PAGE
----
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- [Woman] The Tennessee Suicide Prevention Network, offers no cost training, referrals and resources to help people in need. If you or someone you know have thoughts of suicide, there is help, resources at TSPN.org. - [Joe] This time on Tennessee Crossroads we discover what's baking at the shop in Springville. Then take in a Nashville tour of African American History. We'll visit Crockett's Breakfast Camp in Gatlinburg, and explore some silver and copper creations in Kingston Springs. I'm Joe Elmore, welcome as always to Tennessee Crossroads. When it comes to basic food staples, it doesn't get any more basic than bread. And over the years, the baking of bread has become an art form of sorts. Well, Miranda Cohen discovered a shop in Springfield that's brought the art of baking to a brand new level. - [Miranda] When you think of warm homemade bread and decadent baked goods, words come to mind like grain and honey. And that is exactly what Hannah Sadler decided to name her bakery in Springfield, Tennessee. - When we were thinking about starting the business, we didn't have a name, we just knew that I was making bread. And so my husband and I sat down with the journal one night and wrote out words that are associated with bread. So things like warmth and family and nourishment, kind of the dichotomy of the two words. The textures are much different. Grain is foundational and honey is kind of a luxury, and honey is silky, and smooth, and grain is coarse. And then when we realized that grain and honey, the initials G and H are actually mine and my son's initials that was like it, we were like, well, that's the name of the store. - [Miranda] Before Hannah even had a brick and mortar building to name, she started baking bread in her own kitchen. And with the help of social media, she quickly took her show and her breads on the road. - The business was, like I said, was born on Instagram. I was just taking pictures of making bread in my home kitchen. Suddenly people were putting in orders for sourdough. So I would drive around the counties delivering bread, I would meet in the library parking lot for people to buy cinnamon rolls. It was very grassroots, kind of. So yeah, I got to see Robertson county, just driving around delivering bread. - [Miranda] Her business grew so quickly she moved out of her home kitchen, and into this 1400 square foot building on Eighth Avenue and her loyal followers are thrilled. - How is your day? - Doing good, doing good. Let me get a loaf of the sourdough please. - [Man] You can walk here, post office is across the street, courthouses two blocks away. - Cheddar jalapeno or chocolate chip? - Cheddar jalapeno. - All right. - [Miranda] Longtime customer Terry Price, makes the short jot almost weekly. - A good fresh loaf of bread, just still, just reminds me of home it's comfort food. So to get a fresh loaf of bread every week, that you know was made that morning, carry it at home you can have it for dinner, you can make sandwiches, you can eat it by itself, which is what I do a lot too. Thank you, see you later. - Bye. - [Miranda] Hannah's first taste of the world of baking, wasn't just any bread. It was the difficult to master, but oh so delicious sourdough. - I thought, well I'm gonna make sourdough bread, because if I can figure out that, I could probably figure out how to be just a good baker in general. - Hannah started her business making sourdough bread. But it is actually a very labor intensive process. It starts with a starter, that has to be fed and properly cared for. Then they will be placed in loaf pans and have to rise about three hours. So the entire process takes about 48 hours a loaf, but the results are delicious and beautiful. - Sourdough requires a lot of patience, a lot of time, a lot of trial and error. I knew that I wanted to figure it out, because I do not like failing at something. And so it was challenging, and that is what drew me to sourdough baking. - [Miranda] Sadler didn't stop at sourdough bread, she now offers sourdough cinnamon rolls, and even sourdough bagels. And it is important to her that Grain + Honey, always has something hand baked and delicious for people with special dietary needs. - This macarons up here. - Macarons, sure, how many would you like? - Half a dozen. - Half a dozen sounds good. - We always try to offer at least one or two gluten free vegan options. In the pastry case, we make a really great gluten free vegan brownie, that my husband says, "Are you sure that this is made "with gluten free flour?" And I said yes, I have a secret about how it's so good. The coconut chocolate truffles, they're vegan and gluten free. It tastes like a candy bar. And people love them and we love being able to offer that to folks. I don't want people to feel like they're missing out. You know, because some people choose to eat that way. And some people have to eat that way. And so no matter what we try to give them a couple options, that they can come and enjoy and not feel like they're missing out. - Anything else I can interest you in, a cup of coffee, water? - [Miranda] Hannah is also trying her hand at savory items and getting rave reviews. - We do a savory scone every week. So we do jalapeno cheddar, we've done asiago, we've done rosemary and parmesan. And we actually just started offering a breakfast sandwich. So it's a locally sourced pork sausage on our cheddar scone. - [Miranda] And mixed in, with all the sugar and spice, her favorite ingredients are those that are produced right in her own backyard. - Our coffee is locally sourced. We have locally sourced honey. And when herbs are in season, those are also locally sourced as well. When you shop local, your dollars stay local. You support families like mine, so that I'm able to support local as well. And so it's just, it's so good for everybody. - [Miranda] Even the handcrafted pieces of art in Grain + Honey are created by local women. - The art that's on my walls is actually from local female artists who don't have storefronts. So their art is available for purchase, to be able to bring women in, and highlight just how insanely talented women are, has been a big deal for me. And I mean, look at the pieces, they're gorgeous. I don't think I would be in the position that I'm in, If I didn't have business owners being my champion, especially women business owners have lifted me up. - [Miranda] But perhaps the real secret recipe to her success, is not in the flour, butter and yeast. It is her work ethic and humble devotion to her community. - You know, we're always just looking for flavors that the community will love. I'm always a student of the craft, and so I'm never gonna master it, and that is totally fine with me. - Thanks, Miranda. If you're looking for a tour of Nashville, there are plenty of options, some of which we've featured on this show. Well, Danielle Allen took a tour of Nashville not too long ago, not in search of country music artists, but rather activists who changed our country for the better. - [Danielle] The fight for civil rights, echoed through the South in the 1960s, and it was heard loud and clear in Nashville. Those stories of trials and triumphs are retold in books and documentaries. - Alright, let's rock and roll guys. - [Danielle] But there's something about physically walking down the path of history, and that's where United Street Tours come in. - Alright, I'm gonna talk about this statue, I'll stand in the mud you won't have to. - [Danielle] Chakita Patterson is the founder of United Street Tours. Her mission is simple, educate through storytelling. - They looked around, and they saw that no one was guarding the gate. So they went inside, . - The thing that makes a good story, is having one character and telling the life of that character, the ups and the downs, right. And because all of our stories don't necessarily have happy endings, it's very, very important for us, to take you on a journey to how it got that way. Feel free to have a seat, guys. - Come on guys. - I'm gonna talk right from here. - [Danielle] We took a journey with Chakita on her African American culture tour. She talked about people and events from the 1700s, all the way to the 1960s. She also does a tour for civil rights, and a Nashville Black Wall Street tour. Each one of these is different, but they all serve the same purpose. - The purpose of the tours is to unite people, right? So oftentimes when people hear black history, it's oh, that history. But really black history is American history, right? So United just came from this whole idea of telling black history, to provide a unified America, and not just singling Black History out of things. This is your history, this is my history, but when we embrace all history, then we have a holistic and a well rounded view. - [Danielle] The idea for United Street Tours, came about when Chakita was a dean at a local school. She was helping students do a black history project, but there was one small problem. - I was very, very excited to get the students involved in planning black history, taking charge of what the theme was gonna be for Black History Month. So just went around, talk to students interviewed them, and everyone was excited to plan to get on board. But what I started to realize is that they didn't know much about Nashville's black history or about Black History stories, to plan anything outside of Dr. Martin Luther King Jr. Right? So Dr. Martin Luther King, Jr. a lot of us learn about him in school. But outside of that, they haven't been exposed to a wide variety of black history stories. - [Danielle] That experience gave Chakita an idea, why not start a business that'll make those little known stories well known. One that lets you take a close-up look at the past. And from there, United Street Tours was born. - [Chakita] Before I started this, I spent a ton of time researching, searching the internet, reading tons of books, and just trying to pull out information that I thought would connect with people. So after I don't know how many hours of research right, something was missing for me. So a lot of stuff that wasn't adding up. So what I started doing was reaching out to local history professors at colleges here. And I just started talking to people, just engaging in conversation. Tell me your perspective on the story. Okay, this is what I read, what do you think? So just talking to different professors gave me additional perspective to go by. - [Danielle] In addition to giving different perspectives, there's another perk to this tour, one that only comes with a little bit of walking. - So it just gives people time that you don't necessarily have when you're on the bus. And it also it's more personable, because I have an opportunity to stop and say, oh yeah, and look at this, right? So we're not passing things really fast. And people notice stuff all the time on the tour, they say, what does this mean? Can you talk to me a little bit about that? Those are things that can only happen on a walking tour, because you're going at a slower pace in a more personal tour. Want to point this one out to you. - [Danielle] The Tour's cover stories you don't often hear, like Robert Black Bob Renfro. He was a quasi independent slave who owned a popular bar. But it also revisits the stories you'll never forget. Diane Nash confronting the mayor on the steps of the courthouse, and the sit-ins at Woolworth on 5th. - Our last stop on the tour is that Woolworths on 5th, and at Woolworths on 5th, they get an opportunity to sit at the stools, and sit there and reflect and think about what they learn and things like that. - [Danielle] You'll also hear firsthand accounts of those sit-ins and the bravery it took to pull it off. - John Lewis said he sat upstairs with a few of his colleagues. And as he was sitting here, he could hear the sounds of his colleagues downstairs being beat up. Can you imagine? So he got up and just like we walked up those steps, he immediately began to walk down those stairs. And when he got down there, all the non-violence resistance training that he had kicked in. - [Danielle] Every day, Chakita takes a new group on tour going up and down the streets of Downtown Nashville, and sharing stories from black history. She hopes walking down memory lane will pave a better road to the future. - [Chikita] There is a lot of people that have difficulty having cross-cultural conversation, making cross-cultural connections, right. But when you can learn about your history or about the history of others, that kind of grounds you in this space of this is what happened, what can I do about that to ensure that the future is this way or that way? So ultimately, I hope that the tour started as an educational tool to expand the minds of others. - Thanks a lot, Danielle. If you're planning to spend a few days in the Smoky Mountains, it's a good idea to start each day with a good breakfast. Well, how about a place with historical ambience and a bounty of breakfast dishes? And while it's not a requirement, pants with elastic waistbands is a good idea. If you're going to compete for the tourist dollars at a town like Gatlinburg, you better have something special, even for breakfast. That's why we decided to camp out for a while at Crockett's Breakfast Camp and see why folks say it's worth the wait. Before plunging too far into this sumptuous food fair, here's a little backstory. Crockett's Breakfast Camp, is dedicated to the legacy of a 19th century Smoky Mountain frontiersman, David Crockett Maples, an excellent cook and ancestor of the restaurants founder of Kirby Smith, - This gentlemen wanted to provide food for the loggers. And he built a little nice, little place over here and fed the loggers for a good price. and happens Kirby's idea was to build a nice looking place, give a generous amount of food at a good price, and good quality. - [Joe] That's John Sport, better known as Sporty, who oversees the ever humming hustling kitchen. Like a well tuned machine his staff produces, made from scratch breakfast dishes, from colossal-sized pancakes to massive egg dishes. Out in the dining room the rustic atmosphere is a show in itself. With reclaimed barn wood walls covered with artifacts that portray earlier mountain times. It's much like a museum of Gatlinburg history. Oh check this, all the doors use low tech counterweights and sandbags. Now just beyond the cozy fireplace, visitors can witness the making of the Camp's ever popular cinnamon rolls. - The dough we make the day before. So when we bring it out in the morning, we let it proof let it finish proofing and soften up, and then we'll get it out on the table, and we'll roll it out, and get it to about a seven foot length, to about three foot width and put some cinnamon, butter and brown sugar on it. And we roll it up, and we'll cut it in about four inch sections, and get about 24 cinnamon rolls out of it, put them in her pans, proof them in a box and bake them and hope we don't run out of them. - [Joe] Well over 100 are consumed each morning at Crockett's. And more often than not, they're shared. But for the serious cinnamon roll aficionado, you can always take it a step further. - We take the same cinnamon roll, and we dip it in our made from scratch, French toast batter. And we put on a flat top and press it down, so it's not quite as thick as a normal one. And then we'll top it off with our caramel sauce that we make here, and whipped cream and powdered sugar. And it's a pretty good treat for most people. - Pancakes are to Gatlinburg, what lobsters are to Maine. but here it's like the pancakes are on steroids. - They're probably four times the size of a normal pancake. They're about an inch thick and about five inches in diameter. So in there, again, that's a pretty good sized meal, that we serve too. - I have a cinnamon swirl pancake, - Are you gonna make it all the way? - I am not going to make it all the way. It is very good though. - Our signature items are skillets, we serve a 10 pound cast iron skillet. That is with our signature items depending on what you like. We have a variety of stuff from Mexican to healthy buckwheat pancakes, to omelets to French toast to waffles. - [Joe] I gotta say I've never heard anyone complain about not getting enough food. But I also never heard much talk about lunch plans either. - I think most people say, that what you hear a lot, is if you eat breakfast at Crockett's, you won't have lunch, you know, you'll be fed all day long. - [Joe] So while there's lots of competition for dining dollars at a tourist town, like Gatlinburg, word gets around when a place has got the absolute breakfast experience. - They all communicate what's going on, where they been. If their experiences in Gatlinburg, they tell people what they like, what they don't like, what to do, kinda what to avoid. And I think Crockett's is one of the things on their list, that they do come to see, besides the aquarium. - It's awesome, yeah, it's great, very good. - [Joe] And it's creating that special experience that makes Sporty happy to come to work. - It's beautiful who wouldn't want to work at a place like this? That people come to and seeing they're smiling, they're happy and every time you put something in front of them, they're just, their eyes open up. Cinnamon rolls, the pancakes, a skillet, you know, they're like, wow. - If you met someone who says silver and copper, talk to him, you might think that person's a little crazy. Well, if Ben Caldwell is crazy, It's a good kind of crazy, because he talks to and wrestles with metal to create beautiful works of art. As Rob Wilds discovers in our final story. - [Rob] Ben Caldwell works in his Kingston Springs shop taking copper and silver and creating beautiful works of art using, - Gentle persuasion with a hammer and anvil. - [Rob] It looks like a battle when Ben is at work, with him trying to impose his vision on unyielding metal. But try to see it through Ben's eyes. - Copper and silver are like a suspended liquid. When I'm working with them, they move kind of like a liquid almost like a clay. - [Rob] Gently persuading the metal to yield up the artwork, Ben sees in it, that can turn into a real clash of wills. - The copper talks to me, and it's a back and forth thing, where the copper is has a very free spirited metal and it doesn't like to be told what to do. - [Rob] Ben will go to just about any length to turn his artistic visions into reality. - Very often people will buy a tool and if the tool can't do it, they just don't do it. So I've learned to alter tools in order to do exactly what I want. I think of myself as kind of a folk engineer. I have absolutely no training, so I find something and I make it into something that will do what I want. This big stump here is something that I hammer on, I call it a soft anvil. - Yeah - but here's, this is something, this is an old pick, that I made into an anvil. - It's an anvil? - Yeah, so it's sort of a stick, to hammer things around. This is an old cedar porch post, that I made into my big donkey kong size hammer. And then, this is sort of your classic, - Now I recognize that, that's an anvil - And found that at the flea market, so you buy that, but then this right here was made out of a bolt, that I just ground down. This is a piece of railroad track that I've also altered into an anvil and flat angle. - Why don't you just go somewhere and buy yourself an anvil? - Well, I'm kind of cheap. - Are you? - And also I have fun making them. And usually, I want a tool right now, and I don't wanna wait for them to deliver it. - You know, Ben trained as a guitar maker long ago, so the desire to build things is not really a surprise. But a guitar is not an industrial machine. So not all of Ben's creations, turned out as good as this hammer he built. - I once made a buffing machine out of a potter's wheel and a friend of mine came over and I just turned it on, and threw this thing that spun around and made lots of noise on a rickety, rickety, rickety, and then he turns around, he looks behind me goes, " Ben, there's a bunch of smoke coming out of this thing." And my machine had just blown up. It was on fire and it was like, oh, no, yeah! - [Rob] Okay, you might think the possibility of having to call the fire department out to his shop, would put Ben off using extreme heat to create his work, but you would be wrong about that. When Ben gets an idea, well, it very likely to become a reality. - [Ben] I started to see in my mind, large crumpled pieces of metal with color on them, and I didn't know what it was. So it took me about five years from the first sort of vision that I had of these things till I actually made my first one. - [Rob] Ben also saw color, and paint will fade on copper. So the answer was glass! - [Ben] And that's what enamel is, is it's glass, and has to be fired at about 1500 degrees, - [Rob] which could mean buying a huge and costly kiln. But that's not what it meant to Ben. - [Ben] I figured out with very basic tools, how to fire very large pieces of copper, and make very large enamels without this expensive multimillion dollar kiln. - [Rob] And before you know it, Ben was in another battle of wills, to bring color to his metal. - [Ben] I was just a painter, who was a copper smith, who wanted to paint on copper, is all I was thinking. So I think of my pieces as sculpted paintings. Because I like when you take a simple geometric form in two dimensions, and you fold it into three dimensions, it has a completely different dynamic, kind of like a flag. I'm kinda known for my flags. That a flag when it's flat is one thing, but yet it usually is blowing in the wind in it's three dimensions. and it has a different dynamic to it. I like working with that, which is why I fold up my pieces. - [Rob] All the hard work, the battles between Ben and the metals that talked to him, and his determination not to let technology limit him, come together in beautiful and often useful creations. - [Ben] People use the phrase "jewelry for the kitchen," and so people hang it up as decorative pieces, and then take it down for special occasions and use them. And some people use them every day, they're certainly sturdy enough to use every day. And so but then I have my sculptural pieces, which are all you know my enameled work, and my sculptural pieces, they're of course, just purely artwork for decoration. - [Rob] I wonder what future conversations Ben will have? What dreams will send him down new paths, who knows. But if Ben can imagine it, there's a pretty good chance he will work at it until it becomes a reality. - Well, that's about it, for this edition of Tennessee Crossroads. Sure good to have you with us. Don't forget about our website from time to time, TennesseeCrossroads.org. Of course, follow us on Facebook. And by all means, join me here next week, see you then. - [Woman] The Tennessee suicide prevention network offers no cost training, referrals and resources to help people in need. If you or someone you know have the thoughts of suicide there is help, resources at TSPN.org.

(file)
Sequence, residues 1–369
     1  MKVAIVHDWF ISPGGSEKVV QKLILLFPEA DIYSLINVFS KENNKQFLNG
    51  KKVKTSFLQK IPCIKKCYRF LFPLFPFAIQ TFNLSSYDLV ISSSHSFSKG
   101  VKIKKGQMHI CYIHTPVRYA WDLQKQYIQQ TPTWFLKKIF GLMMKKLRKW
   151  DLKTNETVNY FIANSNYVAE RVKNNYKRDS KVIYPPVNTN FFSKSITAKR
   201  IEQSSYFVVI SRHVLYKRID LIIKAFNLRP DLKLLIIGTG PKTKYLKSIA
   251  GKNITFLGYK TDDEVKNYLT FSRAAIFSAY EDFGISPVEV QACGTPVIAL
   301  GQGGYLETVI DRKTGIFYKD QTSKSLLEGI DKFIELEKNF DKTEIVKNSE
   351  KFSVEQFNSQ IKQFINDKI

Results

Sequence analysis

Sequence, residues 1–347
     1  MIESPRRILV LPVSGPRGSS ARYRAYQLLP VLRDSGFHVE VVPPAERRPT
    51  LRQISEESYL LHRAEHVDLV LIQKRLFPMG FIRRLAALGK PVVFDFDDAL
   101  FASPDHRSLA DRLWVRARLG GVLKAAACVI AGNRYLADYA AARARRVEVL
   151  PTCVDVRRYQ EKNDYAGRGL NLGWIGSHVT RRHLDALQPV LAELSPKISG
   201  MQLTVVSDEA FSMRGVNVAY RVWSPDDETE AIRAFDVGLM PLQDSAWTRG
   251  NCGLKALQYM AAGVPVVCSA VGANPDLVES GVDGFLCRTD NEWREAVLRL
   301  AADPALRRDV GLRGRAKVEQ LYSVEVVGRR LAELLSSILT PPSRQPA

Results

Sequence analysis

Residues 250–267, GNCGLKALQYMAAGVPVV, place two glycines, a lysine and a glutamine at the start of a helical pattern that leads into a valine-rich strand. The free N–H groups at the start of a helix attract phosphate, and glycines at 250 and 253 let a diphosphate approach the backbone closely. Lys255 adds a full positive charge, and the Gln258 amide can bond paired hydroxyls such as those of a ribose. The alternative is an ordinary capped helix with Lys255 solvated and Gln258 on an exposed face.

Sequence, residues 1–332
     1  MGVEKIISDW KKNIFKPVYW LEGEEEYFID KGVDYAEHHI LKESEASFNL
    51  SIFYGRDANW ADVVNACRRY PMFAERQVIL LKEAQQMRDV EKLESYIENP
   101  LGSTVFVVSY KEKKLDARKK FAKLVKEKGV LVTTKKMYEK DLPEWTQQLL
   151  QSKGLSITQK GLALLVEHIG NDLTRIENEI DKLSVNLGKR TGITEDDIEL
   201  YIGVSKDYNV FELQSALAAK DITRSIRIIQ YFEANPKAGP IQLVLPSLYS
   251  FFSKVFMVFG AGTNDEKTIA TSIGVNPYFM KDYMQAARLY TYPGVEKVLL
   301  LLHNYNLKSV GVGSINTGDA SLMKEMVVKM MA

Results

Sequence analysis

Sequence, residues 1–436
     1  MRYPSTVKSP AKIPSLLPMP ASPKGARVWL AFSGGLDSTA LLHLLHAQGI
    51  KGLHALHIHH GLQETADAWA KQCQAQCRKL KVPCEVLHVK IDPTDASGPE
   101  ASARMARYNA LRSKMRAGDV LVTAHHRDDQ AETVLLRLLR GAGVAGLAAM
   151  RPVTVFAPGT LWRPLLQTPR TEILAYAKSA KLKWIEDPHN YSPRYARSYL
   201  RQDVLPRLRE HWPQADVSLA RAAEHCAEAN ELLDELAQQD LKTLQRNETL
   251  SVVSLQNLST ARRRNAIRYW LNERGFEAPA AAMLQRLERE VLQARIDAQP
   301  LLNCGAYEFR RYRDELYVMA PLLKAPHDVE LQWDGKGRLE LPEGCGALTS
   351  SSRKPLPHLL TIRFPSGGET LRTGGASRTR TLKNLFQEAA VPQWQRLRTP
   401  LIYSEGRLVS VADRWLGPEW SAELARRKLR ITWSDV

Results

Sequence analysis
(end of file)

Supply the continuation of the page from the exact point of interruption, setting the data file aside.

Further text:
June 18, 2020
Season 33 | Episode 41
This week on Tennessee Crossroads, visit the Grain and Honey Bake Shop in Springfield. Join United Street Tours and walk in the footsteps of Nashville's civil rights leaders. Glimpse an early sunrise while catching your morning meal at Crockett's Breakfast Camp in Gatlinburg. And finally, meet Ben Caldwell, a Kingston Springs metal artist. Brought to you by Nashville Public Television!